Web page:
Why Johnny Doesn’t Flap: NT is OK!
Written by Clay Morton and Gail Morton
Illustrated by Alex Merry
Jessica Kingsley Publishers, 2016, 32 pp
The soft and subdued colors of the sky and the delicate colors on the front cover of Why Johnny Doesn’t Flap: NT is OK! draw in readers and immediately invoke a sense of calmness. The title stands out in bright red and leaves readers wondering, “Why doesn’t Johnny flap?” The subtitle is bright green and the letters “NT” and “OK” are capitalized to accentuate meaning. NT is often used to refer to neurotypical individuals, or individuals who are not on the autism spectrum. Neurotypical individuals adapt to change easily, do not have sensory issues, or do not have dilemmas surrounding interacting with others; however, this is not a limited list (Brusie, 2017).
Why Johnny Doesn’t Flap: NT is OK! is written from the perspective of an autistic child in the United States and explains being neurotypical and autistic all in one book. It is beautiful, emotional, raw, and to the point. In the first couple of pages, Johnny is introduced as a friend who has lots of fun with the narrator who is autistic.
Contrary to many other books about autism, this one shows that it is ok to be neurotypical, not autistic, which definitely changes the narrative. For instance, in one scene, while the autistic narrator reads his book about hydraulic forklifts, Johnny climbs a tree, which an autistic child does not consider to be the norm. The narrator explains that Johnny’s brain works differently, “but that’s OK” which is the refrain that ends each scene. Another scene demonstrates that Johnny doesn’t have meltdowns when plans are changed or classes are canceled, “but that’s OK”. The narrator understands that Johnny has a different brain than he does and that is OK. Some scenes make readers giggle and laugh but still take on a serious note and educate readers about how it is ok to be neurotypical; when in actuality, the book is saying that it is ok to be autistic.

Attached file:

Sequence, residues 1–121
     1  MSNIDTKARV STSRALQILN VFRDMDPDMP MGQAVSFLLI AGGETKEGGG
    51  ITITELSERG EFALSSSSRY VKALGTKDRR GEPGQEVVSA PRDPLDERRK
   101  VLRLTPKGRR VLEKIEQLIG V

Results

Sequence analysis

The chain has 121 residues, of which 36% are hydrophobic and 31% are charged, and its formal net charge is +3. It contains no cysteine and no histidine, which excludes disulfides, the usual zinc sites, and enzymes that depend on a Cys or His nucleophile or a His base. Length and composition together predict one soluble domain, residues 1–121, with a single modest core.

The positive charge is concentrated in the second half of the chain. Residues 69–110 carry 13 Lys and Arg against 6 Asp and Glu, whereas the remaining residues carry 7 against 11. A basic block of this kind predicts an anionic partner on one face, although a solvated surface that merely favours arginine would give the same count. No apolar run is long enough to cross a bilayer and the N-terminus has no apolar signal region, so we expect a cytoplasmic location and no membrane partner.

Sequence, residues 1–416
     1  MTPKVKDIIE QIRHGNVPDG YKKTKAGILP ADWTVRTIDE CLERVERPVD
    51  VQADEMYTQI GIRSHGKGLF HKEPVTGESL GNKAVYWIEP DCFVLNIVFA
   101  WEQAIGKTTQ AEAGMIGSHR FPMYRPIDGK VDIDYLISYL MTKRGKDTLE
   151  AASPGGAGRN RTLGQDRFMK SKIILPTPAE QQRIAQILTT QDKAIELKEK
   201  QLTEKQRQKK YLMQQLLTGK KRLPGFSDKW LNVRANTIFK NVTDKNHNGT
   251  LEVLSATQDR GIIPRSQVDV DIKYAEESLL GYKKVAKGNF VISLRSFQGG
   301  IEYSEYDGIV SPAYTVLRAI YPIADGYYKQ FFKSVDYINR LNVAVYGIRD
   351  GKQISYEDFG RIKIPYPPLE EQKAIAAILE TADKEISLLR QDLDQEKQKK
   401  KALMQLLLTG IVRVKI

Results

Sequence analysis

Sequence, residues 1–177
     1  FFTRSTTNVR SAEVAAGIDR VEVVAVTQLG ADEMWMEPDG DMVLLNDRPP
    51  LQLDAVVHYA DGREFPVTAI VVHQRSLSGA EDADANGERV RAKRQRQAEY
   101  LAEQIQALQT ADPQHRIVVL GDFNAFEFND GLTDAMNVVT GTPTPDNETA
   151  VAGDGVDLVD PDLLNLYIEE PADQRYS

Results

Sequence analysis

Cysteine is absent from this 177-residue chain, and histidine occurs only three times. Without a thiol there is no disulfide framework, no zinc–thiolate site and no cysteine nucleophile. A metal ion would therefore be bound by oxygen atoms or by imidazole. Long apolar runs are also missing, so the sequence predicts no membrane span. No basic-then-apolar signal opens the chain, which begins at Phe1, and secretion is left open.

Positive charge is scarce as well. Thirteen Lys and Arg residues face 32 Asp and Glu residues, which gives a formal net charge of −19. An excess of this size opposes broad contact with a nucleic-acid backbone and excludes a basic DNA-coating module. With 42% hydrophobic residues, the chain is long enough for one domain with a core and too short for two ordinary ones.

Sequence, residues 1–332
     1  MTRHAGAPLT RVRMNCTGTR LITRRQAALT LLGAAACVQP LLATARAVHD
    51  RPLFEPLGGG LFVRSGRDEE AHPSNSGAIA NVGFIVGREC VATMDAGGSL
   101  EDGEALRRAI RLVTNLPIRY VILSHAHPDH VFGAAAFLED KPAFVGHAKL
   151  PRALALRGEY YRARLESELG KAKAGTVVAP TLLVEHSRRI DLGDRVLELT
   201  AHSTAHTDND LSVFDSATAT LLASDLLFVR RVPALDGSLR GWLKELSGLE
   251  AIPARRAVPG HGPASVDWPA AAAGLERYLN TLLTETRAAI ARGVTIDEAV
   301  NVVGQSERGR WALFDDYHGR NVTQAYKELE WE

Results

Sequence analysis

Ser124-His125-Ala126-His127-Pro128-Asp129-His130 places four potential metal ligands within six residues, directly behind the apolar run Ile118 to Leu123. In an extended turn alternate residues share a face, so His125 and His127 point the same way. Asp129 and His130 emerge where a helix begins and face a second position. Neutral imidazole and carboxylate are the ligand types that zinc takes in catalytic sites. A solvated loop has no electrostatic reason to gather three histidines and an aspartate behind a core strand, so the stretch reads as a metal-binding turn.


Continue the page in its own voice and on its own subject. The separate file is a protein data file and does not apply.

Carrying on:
Why Johnny Doesn’t Flap: NT is OK! explains being neurotypical and autistic in simple ways so that children understand. Alex Merry’s playful watercolor pictures attract readers and invite them into the story. Possible books that might be paired with this one include Do you Want to Play: Making Friends with an Autistic Kid (Daniel Share-Strom & Naghmeh Afshinjah, 2020) and Noah Chases the Wind (Michelle Worthington & Joseph Cowman, 2015).
Clay Morton is an Associate Professor of English and the Director of the Honors Program at Middle Georgia State University. His wife, Gail Morton is a Public Services Librarian at Mercer University. Clay and Gail Morton have a child with autism and are advocates for the movement supporting neurodiversity and researching issues in that field. Alex Merry is an illustrator from Gloucestershire.
Sarah Getter, Texas Woman’s University
Brusie, C. (2017). All about recognizing a neurotypical. Retrieved from https://www.healthline.com/health/neurotypical.
© 2021 by Sarah Getter
WOW Review, Volume XIII, Issue 3 by Worlds of Words is licensed under a Creative Commons Attribution-NonCommercial-ShareAlike 4.0 International License. Based on work by Sarah Getter at https://wowlit.org/on-line-publications/review/volume-xiii-issue-3/11/